Britian’s lack of a serious space effort is not exactly a good thing, Though you do seem to have a military procurement system that is even more screwed up than ours, its sad that the spirit of that old pirate Drake seems to be lacking.

    I look forward to the day when a British privateer with letters of marque in good and due form, boards a French or Spainsh space station and confiscates all their ill gotten space gains.

  • Chris Harper

    Hmmm, even by the mid seventies every cent spent on space had already been repaid, with pofit, by improved weather forecasting. Everything else, including moon launches and communications satellites, was effectively free of charge.

    In space it is raining soup. And Britain doesn’t even have a bowl.

  • Julian Morrison

    Blech, Britain this, Britain that. My hope is that Britain-the-government never has anything in space. Meanwhile entrepreneurial individual Britons like Richard Branson will have private hardware up there turning a tidy profit.

  • Nick Timms

    Madr the Chinese will never need to bombard us from space as they are already overwhelming our industries. I visit hundreds of small and medium sized businesses throughout the UK each year and anyone who makes something is struggling because, no matter how much they cut their costs and profit margins, they cannot compete with the Chinese.

    The Chinese now consume a large percentage of the materials of industry, oil, concrete, plastics which in turn puts the price up to British (and other countries) industries.

    The Chinese are waging a war on us but it is an economic war and they are winning. Perhaps, ultimately, this will have positive benefits. As the Chinese become wealthier their political system may have evolved to the point where they are more capitalist than anyone else. Certainly the UK can hardly call itself a capitalist country any longer – there are too many barriers to running a business here.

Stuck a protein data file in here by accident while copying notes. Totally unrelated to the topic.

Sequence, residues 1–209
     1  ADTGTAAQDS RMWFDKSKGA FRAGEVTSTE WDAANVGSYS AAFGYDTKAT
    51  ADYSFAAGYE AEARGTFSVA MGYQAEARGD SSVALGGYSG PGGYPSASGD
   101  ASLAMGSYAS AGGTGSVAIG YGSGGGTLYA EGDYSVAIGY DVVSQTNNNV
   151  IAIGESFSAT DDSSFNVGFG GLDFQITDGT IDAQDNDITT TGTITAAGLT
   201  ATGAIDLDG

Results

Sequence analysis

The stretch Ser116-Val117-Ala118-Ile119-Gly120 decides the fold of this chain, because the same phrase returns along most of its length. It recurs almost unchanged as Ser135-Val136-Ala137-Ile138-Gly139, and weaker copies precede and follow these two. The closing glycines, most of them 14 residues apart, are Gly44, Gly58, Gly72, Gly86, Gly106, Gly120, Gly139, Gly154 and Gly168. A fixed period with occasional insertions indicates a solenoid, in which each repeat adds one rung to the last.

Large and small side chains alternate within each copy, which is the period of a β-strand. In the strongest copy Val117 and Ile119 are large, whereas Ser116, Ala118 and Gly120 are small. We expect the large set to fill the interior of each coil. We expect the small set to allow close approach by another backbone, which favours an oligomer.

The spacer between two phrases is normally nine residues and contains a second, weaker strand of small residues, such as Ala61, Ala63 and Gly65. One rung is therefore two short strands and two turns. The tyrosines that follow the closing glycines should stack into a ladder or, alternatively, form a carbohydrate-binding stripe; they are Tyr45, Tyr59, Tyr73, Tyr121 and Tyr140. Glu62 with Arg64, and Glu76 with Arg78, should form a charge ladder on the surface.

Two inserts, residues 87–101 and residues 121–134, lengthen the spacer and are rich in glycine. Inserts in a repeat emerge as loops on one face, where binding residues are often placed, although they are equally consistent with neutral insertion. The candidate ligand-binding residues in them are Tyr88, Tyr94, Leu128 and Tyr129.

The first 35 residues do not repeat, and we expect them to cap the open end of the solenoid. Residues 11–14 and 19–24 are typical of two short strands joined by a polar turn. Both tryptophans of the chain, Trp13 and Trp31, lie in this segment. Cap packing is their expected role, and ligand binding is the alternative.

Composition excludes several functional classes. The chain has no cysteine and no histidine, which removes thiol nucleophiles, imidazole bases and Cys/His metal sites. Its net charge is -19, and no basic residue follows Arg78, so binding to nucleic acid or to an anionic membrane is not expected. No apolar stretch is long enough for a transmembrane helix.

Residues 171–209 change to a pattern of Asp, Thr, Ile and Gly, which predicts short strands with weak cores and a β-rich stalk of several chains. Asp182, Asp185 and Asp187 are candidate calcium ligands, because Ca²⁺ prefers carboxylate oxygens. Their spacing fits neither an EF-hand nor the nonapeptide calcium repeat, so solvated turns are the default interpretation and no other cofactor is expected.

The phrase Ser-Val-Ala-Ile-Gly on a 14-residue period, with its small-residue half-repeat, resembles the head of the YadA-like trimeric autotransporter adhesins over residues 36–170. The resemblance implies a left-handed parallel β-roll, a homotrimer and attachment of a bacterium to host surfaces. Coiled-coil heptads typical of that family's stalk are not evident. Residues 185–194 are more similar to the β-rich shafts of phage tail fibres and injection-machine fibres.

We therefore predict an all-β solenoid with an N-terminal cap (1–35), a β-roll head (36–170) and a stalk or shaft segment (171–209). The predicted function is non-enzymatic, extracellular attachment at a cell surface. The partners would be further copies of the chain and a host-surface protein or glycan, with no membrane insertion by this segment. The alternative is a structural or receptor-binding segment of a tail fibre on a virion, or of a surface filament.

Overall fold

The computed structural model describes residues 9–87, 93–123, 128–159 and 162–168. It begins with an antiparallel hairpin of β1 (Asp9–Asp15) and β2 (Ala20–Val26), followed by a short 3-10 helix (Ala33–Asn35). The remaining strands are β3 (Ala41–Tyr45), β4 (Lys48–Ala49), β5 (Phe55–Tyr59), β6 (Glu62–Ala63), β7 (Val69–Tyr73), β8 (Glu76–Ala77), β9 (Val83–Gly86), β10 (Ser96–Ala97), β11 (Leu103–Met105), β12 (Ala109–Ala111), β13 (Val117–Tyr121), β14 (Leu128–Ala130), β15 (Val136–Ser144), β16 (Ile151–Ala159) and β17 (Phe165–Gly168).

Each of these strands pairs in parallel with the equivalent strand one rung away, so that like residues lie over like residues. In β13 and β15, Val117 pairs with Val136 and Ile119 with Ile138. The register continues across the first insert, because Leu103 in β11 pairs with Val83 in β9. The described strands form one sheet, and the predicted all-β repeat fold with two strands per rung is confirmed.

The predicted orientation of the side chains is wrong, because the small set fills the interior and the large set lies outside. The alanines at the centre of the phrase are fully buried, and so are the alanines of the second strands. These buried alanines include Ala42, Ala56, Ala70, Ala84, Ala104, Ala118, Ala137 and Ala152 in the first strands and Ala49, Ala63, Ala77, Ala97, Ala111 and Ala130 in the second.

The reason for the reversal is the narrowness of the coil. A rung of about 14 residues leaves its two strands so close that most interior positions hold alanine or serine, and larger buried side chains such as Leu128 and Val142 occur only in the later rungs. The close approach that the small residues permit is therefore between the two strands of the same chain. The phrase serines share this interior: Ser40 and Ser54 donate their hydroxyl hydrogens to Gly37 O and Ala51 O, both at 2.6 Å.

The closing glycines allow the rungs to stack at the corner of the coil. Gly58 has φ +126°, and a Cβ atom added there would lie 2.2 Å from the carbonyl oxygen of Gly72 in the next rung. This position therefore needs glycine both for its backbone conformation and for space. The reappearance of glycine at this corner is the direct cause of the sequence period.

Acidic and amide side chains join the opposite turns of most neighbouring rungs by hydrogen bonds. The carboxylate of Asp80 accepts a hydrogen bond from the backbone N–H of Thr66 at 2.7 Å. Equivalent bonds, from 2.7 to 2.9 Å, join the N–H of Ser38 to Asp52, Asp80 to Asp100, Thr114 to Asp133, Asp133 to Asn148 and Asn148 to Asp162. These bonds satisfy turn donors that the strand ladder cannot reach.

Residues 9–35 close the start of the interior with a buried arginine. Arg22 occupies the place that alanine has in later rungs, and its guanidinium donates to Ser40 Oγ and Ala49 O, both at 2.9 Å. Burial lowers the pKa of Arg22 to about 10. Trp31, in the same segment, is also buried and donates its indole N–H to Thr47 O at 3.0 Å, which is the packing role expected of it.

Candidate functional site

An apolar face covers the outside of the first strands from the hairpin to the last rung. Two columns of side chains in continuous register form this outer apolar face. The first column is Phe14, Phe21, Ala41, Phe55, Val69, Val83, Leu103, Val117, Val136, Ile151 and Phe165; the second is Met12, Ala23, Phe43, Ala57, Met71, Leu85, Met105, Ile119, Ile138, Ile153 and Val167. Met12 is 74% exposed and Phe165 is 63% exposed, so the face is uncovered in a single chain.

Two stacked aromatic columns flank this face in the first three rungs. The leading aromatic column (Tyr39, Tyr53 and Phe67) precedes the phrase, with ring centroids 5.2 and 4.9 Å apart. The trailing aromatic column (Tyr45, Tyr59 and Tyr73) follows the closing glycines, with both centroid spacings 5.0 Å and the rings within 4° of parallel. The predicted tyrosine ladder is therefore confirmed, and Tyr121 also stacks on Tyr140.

Like Julian Morrison I have great hopes for the private exploitation of space. I do not want the UK government to have yet another excuse to put up my taxes so they can waste billions doing something badly that private enterprise could do well at a fraction of the cost.

  • I hate to have to say this, but the British Government is already bleeding Her Majesty’s Royal Taxpayers to pay for it’s share in the European Space Agency program including Galileo and a number of others. British government space policy has traditionally been based on ‘practical return on investment’ and on science as defined by the scientific establishment.

    You have a better knowledge than I, of how skilled the UK’s bureaucrats are at getting ROI.

    Ten years ago Space Commercialization at NASA was just a slogan, as Elias Canetti taught us, the work slogan comes from the old Scottish phrase for the shouts of the dead. We’ll see if the new NASA administration can revive this particular corpse.

  • If as you say we have such a special relationship with the US, then we won’t be expending vast sums on trial and error will we? We’ll simply be able to build rockets like the yanks, and off we go. Right… We’re not losing any race, we’re not even in the same stadium…

  • Keith

    the english guy–here in Oz/NZ we have a term for that.
    It’s called “bludging”